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Apply these tips when spreading organic mulch

For home improvement return on investment, it's hard to beat the value that mulch delivers.

For a little bit of labor and not a lot of money, you can revive your yard and beautify your home for months to come.

Not only can mulch be attractive and sweet-smelling, but it helps the soil retain moisture, provides shade to roots on hot days, and stops the spread of weeds by blocking sunlight.

But as simple as applying mulch is, are you doing it properly? Based on personal experience and insights from experts, we offer these tips so that your efforts not only look great but benefit your trees and plants, too.


Bear in mind that we're talking here about organic mulch, as opposed to inorganic materials such as rocks, rubber or plastic. While organic materials can include grass clippings and leaves, we're focused on the traditional and more popular wood mulch.

Install in mid-to-late spring: You don't want to install mulch too early as it will slow the ground's warming process. But finishing the job sooner than later will let you enjoy it longer and avoid having to do the work when temperatures get uncomfortably warm.

Turn old mulch before adding new: Over time, especially under a hot summer sun, the loose mulch you installed months earlier can become one crusty sheet that is almost impervious to water.

One option is to remove old mulch entirely before putting in new mulch. Or you can use a rake, pitchfork or garden tool to turn over the old mulch.

Pull or cut weeds: By removing or cutting weeds close to the ground, your mulch will lie flatter and you will reduce the likelihood of weeds sprouting later. You also can sprinkle a weed preventer such as Preen on top of the mulch.

Don't pile too much: Mulch halts weeds by cutting off sunlight to them. But it can do the same with plants that you hope will flourish, so 1 to 2 inches is sufficient. Seedlings can work through this amount, but if it's too deep it can be impenetrable.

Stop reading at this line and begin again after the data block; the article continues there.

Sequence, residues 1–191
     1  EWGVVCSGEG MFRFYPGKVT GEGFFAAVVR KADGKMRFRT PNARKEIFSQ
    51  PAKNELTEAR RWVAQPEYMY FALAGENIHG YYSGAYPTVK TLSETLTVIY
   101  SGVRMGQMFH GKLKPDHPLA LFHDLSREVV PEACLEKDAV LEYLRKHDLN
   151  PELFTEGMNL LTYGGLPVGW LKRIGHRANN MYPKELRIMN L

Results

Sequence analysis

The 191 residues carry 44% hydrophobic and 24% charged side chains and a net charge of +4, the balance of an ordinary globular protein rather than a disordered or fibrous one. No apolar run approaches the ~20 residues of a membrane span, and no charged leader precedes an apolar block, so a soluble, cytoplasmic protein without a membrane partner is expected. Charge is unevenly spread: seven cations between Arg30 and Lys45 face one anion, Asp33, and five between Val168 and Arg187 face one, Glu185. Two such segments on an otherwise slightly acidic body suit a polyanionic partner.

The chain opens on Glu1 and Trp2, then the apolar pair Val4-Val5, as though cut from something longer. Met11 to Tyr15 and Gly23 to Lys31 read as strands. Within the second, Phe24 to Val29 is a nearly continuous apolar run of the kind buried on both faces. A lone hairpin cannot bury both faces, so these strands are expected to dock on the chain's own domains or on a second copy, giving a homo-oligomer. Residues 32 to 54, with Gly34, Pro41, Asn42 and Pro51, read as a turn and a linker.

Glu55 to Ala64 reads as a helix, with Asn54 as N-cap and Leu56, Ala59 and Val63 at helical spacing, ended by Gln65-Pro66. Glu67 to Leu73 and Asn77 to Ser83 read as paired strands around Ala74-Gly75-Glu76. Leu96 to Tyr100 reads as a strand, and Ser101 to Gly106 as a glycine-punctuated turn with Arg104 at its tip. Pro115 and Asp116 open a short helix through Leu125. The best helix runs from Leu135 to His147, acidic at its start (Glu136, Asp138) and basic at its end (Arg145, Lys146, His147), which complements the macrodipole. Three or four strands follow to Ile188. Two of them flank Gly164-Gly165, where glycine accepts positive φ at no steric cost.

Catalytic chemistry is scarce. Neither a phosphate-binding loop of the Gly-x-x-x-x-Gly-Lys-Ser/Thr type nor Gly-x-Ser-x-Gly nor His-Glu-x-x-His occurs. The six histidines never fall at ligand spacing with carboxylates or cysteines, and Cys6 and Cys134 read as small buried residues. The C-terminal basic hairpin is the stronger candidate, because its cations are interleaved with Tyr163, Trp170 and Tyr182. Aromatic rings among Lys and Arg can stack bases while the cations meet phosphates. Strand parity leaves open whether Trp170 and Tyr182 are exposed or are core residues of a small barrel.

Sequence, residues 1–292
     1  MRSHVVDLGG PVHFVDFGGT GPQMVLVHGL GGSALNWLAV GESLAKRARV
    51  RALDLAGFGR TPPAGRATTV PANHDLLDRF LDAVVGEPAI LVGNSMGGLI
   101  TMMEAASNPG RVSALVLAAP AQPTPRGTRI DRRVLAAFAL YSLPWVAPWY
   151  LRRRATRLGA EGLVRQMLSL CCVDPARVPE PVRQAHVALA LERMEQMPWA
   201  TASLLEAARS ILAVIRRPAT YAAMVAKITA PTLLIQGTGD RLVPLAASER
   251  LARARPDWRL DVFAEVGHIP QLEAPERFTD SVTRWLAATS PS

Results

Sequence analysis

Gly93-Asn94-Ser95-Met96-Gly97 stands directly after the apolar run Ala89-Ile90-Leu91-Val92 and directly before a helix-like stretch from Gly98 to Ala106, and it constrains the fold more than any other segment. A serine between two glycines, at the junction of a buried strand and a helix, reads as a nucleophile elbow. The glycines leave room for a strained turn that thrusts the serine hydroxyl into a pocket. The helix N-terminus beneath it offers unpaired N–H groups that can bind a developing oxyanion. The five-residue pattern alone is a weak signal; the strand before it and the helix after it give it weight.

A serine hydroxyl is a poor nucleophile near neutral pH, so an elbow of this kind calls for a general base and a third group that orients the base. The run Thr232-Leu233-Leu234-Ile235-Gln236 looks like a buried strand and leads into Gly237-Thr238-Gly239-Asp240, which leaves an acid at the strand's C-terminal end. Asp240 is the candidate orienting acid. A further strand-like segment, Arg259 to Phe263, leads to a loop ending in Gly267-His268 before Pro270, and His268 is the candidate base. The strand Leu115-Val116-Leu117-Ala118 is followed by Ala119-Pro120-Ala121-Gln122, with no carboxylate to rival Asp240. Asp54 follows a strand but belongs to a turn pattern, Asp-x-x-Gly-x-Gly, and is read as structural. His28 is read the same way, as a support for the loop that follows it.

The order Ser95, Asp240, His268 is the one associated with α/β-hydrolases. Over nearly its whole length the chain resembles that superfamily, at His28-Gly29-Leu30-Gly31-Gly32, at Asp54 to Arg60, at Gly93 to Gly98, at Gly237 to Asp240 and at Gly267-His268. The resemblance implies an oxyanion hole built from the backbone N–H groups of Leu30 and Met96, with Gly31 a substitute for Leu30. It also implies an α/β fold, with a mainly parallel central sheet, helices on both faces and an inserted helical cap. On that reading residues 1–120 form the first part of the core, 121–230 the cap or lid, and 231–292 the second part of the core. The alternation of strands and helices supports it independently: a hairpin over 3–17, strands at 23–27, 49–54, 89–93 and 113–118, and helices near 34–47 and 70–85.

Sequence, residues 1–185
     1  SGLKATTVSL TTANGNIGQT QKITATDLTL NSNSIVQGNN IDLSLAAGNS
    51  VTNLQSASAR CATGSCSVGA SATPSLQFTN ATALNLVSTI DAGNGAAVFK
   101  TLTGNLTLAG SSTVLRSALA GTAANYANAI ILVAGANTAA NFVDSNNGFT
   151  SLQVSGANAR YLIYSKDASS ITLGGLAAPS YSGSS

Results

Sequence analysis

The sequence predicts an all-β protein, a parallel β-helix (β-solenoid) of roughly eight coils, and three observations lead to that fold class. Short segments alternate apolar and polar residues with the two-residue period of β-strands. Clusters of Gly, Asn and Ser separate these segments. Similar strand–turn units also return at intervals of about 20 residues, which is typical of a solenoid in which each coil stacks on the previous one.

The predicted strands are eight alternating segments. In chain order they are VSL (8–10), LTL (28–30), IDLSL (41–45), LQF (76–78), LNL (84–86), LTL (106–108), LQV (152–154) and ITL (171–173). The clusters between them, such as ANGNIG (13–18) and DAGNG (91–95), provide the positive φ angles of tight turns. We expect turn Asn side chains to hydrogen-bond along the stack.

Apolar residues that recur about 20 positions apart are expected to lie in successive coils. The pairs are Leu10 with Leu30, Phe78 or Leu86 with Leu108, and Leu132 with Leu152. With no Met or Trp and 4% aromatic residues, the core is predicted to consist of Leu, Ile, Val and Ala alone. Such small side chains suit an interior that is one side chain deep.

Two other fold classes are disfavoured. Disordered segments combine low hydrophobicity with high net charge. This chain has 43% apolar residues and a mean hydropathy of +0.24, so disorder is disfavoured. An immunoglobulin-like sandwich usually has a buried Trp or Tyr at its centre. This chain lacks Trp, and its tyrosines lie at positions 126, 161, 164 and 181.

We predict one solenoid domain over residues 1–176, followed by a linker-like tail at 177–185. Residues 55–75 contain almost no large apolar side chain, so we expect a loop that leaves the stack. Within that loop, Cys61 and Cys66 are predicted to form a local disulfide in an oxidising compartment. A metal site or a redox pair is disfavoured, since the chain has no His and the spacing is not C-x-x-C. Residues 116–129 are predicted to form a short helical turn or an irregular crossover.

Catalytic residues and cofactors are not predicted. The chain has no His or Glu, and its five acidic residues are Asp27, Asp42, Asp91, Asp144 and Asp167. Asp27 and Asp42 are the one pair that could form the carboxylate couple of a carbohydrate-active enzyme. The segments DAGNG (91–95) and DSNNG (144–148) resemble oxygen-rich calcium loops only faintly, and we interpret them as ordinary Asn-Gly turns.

"In areas where you simply want to keep anything from growing, you can lay it on as thick as you like," noted this article from Lowe's.

Mulch that's too deep stimulates root growth in the mulch rather than in the ground. The result is a shallow root system that is more vulnerable to cold and drought.

Don't let it touch trees: Moist mulch makes bark wet, making it susceptible to rotting. For that reason, don't pile mulch against a tree trunk so that it looks like a volcano and encourages pests and disease to take up residence. Leave at least a few inches between the edge of your mulch and any trees.


You can purchase mulch at any home-improvement or garden center, by the bag (typically 2 cubic feet per bag) or in bulk. To figure out how much you need, multiply the length and width of the space in feet by your desired depth.

Let's say the area you want to cover with mulch measures 90 feet by 30 feet with a depth of 2 inches:
• 90 x 30 = 2,700 square feet.
• 2,700 square feet x .1666 (2 inches) is 450 cubic feet.
• You would need 225 bags of mulch (at 2 cubic feet each) to cover a 2,700 square feet with 2 inches of mulch.

Bulk mulch is sold by the cubic yard:
• A cubic yard = 27 cubic feet.
• 450 cubic feet divided by 27 = 16.67 cubic yards of mulch.

Unless you need only a little bit of mulch, the best value is to purchase it in bulk.

If you're a resident of Derry Township and are willing and able to pick it up, you can help yourself to an unlimited amount of free mulch at the recycling center, 650 Clearwater Road.

Additional sources: Better Homes & Gardens,